LIBERTY HILL, Texas (KXAN) — Brad Haukapp took a moment to look around Veterans Memorial Park in downtown Liberty Hill. He served in the Army from 1983 to 1991 and was deployed to Germany. On this day, he stopped at the park on his way home to Goldthwaite to talk to KXAN investigators.
He makes the nearly 100-mile drive weekly to Georgetown for cancer treatment. On this trip, he was getting a scan to see if his chemotherapy treatments had been working.
“It’s an hour and a half drive. I chose to drive there because I worked in Austin for 30 years in the healthcare field. And I feel that the healthcare industry in Austin is a lot more advanced than out where I live. So, I’m willing to make the drive for my health and hopefully beat this thing,” Haukapp explained.
In April, the 57-year-old said he was diagnosed with esophageal cancer.
“It’s in my esophagus. It’s in a lymph node and it’s in my liver,” Haukapp said.
He added he had been getting his treatments at the Austin Cancer Center in Georgetown until recently when he showed up to an appointment with his doctor and found out he wouldn’t be receiving his expected treatment.
“He doesn’t have my chemo medicine. The company is not buying any. I didn’t understand that — didn’t tell me beforehand or anything. So, drove in an hour and a half. Come in, talk to my doctor to find out I’m not gonna get my treatment. So, it was a little upsetting,” Haukapp explained.
Haukapp said the cancer center didn’t have his medication at his next appointment, either. He explained that process went on for weeks, delaying his treatment by a month.
“Well, you know, the longer you delay, the more possibility that the cancer is going to start back up,” he added.
Court filing details dispute
KXAN investigators discovered through court records, the Austin Cancer Center in Georgetown is in the middle of arbitration.
Court documents show a temporary restraining order and temporary injunction were filed over the summer.
The filings detail a dispute between doctors over the direction of the company and wanting to split the practice. One set of doctors claim in the documents that another group of doctors set up a competing company and have taken employees.
“The Individual Defendants’ acts threaten the health and safety of hundreds of Austin-area cancer patients. Plaintiffs have hundreds of appointments with patients who expect to receive treatment,” said one filing.
The filing said the defendants refuse to disclose which employees they’ve taken, adding, “Plaintiffs cannot know whether they have the staff appropriate to handle the care of hundreds of cancer patients.”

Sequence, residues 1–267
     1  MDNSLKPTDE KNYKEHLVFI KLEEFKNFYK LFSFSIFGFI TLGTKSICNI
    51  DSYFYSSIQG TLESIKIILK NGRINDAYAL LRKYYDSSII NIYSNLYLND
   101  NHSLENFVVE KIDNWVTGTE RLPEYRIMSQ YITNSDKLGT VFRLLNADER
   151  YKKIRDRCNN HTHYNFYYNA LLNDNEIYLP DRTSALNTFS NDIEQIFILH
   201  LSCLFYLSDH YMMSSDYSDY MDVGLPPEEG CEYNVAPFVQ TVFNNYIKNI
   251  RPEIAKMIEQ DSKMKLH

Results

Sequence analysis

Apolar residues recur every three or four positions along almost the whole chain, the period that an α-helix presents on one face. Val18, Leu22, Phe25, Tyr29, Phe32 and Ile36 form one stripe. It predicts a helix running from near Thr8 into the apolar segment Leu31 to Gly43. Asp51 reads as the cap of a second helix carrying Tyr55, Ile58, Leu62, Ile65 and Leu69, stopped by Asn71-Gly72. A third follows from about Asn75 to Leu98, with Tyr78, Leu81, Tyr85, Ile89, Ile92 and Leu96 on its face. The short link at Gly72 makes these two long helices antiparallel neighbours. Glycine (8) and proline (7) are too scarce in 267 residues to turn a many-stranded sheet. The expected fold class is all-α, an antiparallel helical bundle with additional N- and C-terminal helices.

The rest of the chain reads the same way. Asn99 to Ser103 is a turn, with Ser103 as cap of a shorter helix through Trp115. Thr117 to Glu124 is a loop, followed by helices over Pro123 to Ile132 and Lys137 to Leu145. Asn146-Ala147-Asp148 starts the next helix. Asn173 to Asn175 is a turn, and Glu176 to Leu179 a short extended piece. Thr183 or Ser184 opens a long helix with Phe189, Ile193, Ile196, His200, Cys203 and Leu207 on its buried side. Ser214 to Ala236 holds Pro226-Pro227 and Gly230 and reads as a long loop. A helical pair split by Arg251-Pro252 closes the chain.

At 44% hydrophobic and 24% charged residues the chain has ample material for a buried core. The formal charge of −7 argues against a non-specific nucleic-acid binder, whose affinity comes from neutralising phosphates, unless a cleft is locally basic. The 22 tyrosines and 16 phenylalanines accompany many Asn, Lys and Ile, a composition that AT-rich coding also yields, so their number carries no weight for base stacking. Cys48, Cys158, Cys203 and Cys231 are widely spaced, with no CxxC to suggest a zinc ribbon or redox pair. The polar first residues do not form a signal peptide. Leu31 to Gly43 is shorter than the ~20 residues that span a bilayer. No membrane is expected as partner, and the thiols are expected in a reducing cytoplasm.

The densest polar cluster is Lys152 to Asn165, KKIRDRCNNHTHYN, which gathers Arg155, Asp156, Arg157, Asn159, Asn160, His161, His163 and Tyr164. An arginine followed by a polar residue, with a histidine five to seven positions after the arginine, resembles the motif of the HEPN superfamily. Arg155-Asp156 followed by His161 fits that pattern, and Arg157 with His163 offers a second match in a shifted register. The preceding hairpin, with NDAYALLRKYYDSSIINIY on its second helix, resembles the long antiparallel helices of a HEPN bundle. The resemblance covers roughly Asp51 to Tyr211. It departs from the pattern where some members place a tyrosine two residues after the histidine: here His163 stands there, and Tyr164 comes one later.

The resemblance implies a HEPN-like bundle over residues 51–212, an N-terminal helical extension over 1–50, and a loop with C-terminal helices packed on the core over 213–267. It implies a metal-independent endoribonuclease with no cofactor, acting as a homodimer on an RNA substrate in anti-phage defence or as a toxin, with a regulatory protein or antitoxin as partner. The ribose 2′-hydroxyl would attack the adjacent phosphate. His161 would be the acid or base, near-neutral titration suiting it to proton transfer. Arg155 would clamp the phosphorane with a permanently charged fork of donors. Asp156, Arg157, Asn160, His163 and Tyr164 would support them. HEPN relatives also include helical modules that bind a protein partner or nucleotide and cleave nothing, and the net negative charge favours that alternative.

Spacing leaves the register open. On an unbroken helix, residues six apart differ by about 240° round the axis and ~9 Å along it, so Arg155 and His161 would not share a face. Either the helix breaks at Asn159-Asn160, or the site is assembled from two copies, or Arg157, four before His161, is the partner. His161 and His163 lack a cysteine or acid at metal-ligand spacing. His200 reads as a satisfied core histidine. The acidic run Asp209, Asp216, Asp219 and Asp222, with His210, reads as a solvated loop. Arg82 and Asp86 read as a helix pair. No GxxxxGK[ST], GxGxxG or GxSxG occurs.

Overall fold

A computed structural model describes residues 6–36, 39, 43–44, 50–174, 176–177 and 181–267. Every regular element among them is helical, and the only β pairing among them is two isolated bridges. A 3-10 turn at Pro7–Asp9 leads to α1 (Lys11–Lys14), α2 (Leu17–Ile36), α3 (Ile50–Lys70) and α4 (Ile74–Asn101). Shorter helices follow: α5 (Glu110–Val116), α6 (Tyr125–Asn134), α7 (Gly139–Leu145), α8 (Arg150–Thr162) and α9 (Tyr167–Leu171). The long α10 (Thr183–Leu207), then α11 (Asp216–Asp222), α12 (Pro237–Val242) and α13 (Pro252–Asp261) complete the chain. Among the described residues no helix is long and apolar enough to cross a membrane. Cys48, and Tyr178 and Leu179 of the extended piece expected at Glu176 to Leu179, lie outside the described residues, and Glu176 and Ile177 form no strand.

KXAN investigators’ calls to the Austin Cancer Center in Georgetown and messages have not been returned along with six emails since late August asking why the cancer center didn’t have chemotherapy medication for some patients.
Last Monday, KXAN also went by the Austin Cancer Center in Georgetown and tried to get a comment but was told the office manager was not there and to leave a written message with contact information. KXAN never received a call or email back after that visit.
KXAN also reached out to the lawyers involved with both sets of doctors.
One of the attorneys said his two doctors have been working diligently and tirelessly to provide care for their patients and because the litigation is pending, they have no further comment at this time.
The attorney for the other doctors involved had no comment by phone or email.
The Travis County District Clerk’s office tells KXAN investigators that no hearing is set yet in the case.
Haukapp’s doctor is affiliated with St. David’s Georgetown Hospital, which is next to the cancer center.
A spokesperson with the hospital group said while he has privileges there, he’s not a staff member so any comments would need to come from the Austin Cancer Center.
Haukapp said he was told by his doctor they didn’t buy his medication because of what’s going on and the split in the practice.
The Army veteran who is a surgical technician has had to find another cancer center for treatment.
“It’s not treating the patient like patient should be treated,” Haukapp said. “You got to deal with the stress and the mental issues and — and the medications and the sickness of dealing with all of that. And then on top of it, then they put you through this for really no reason at all.”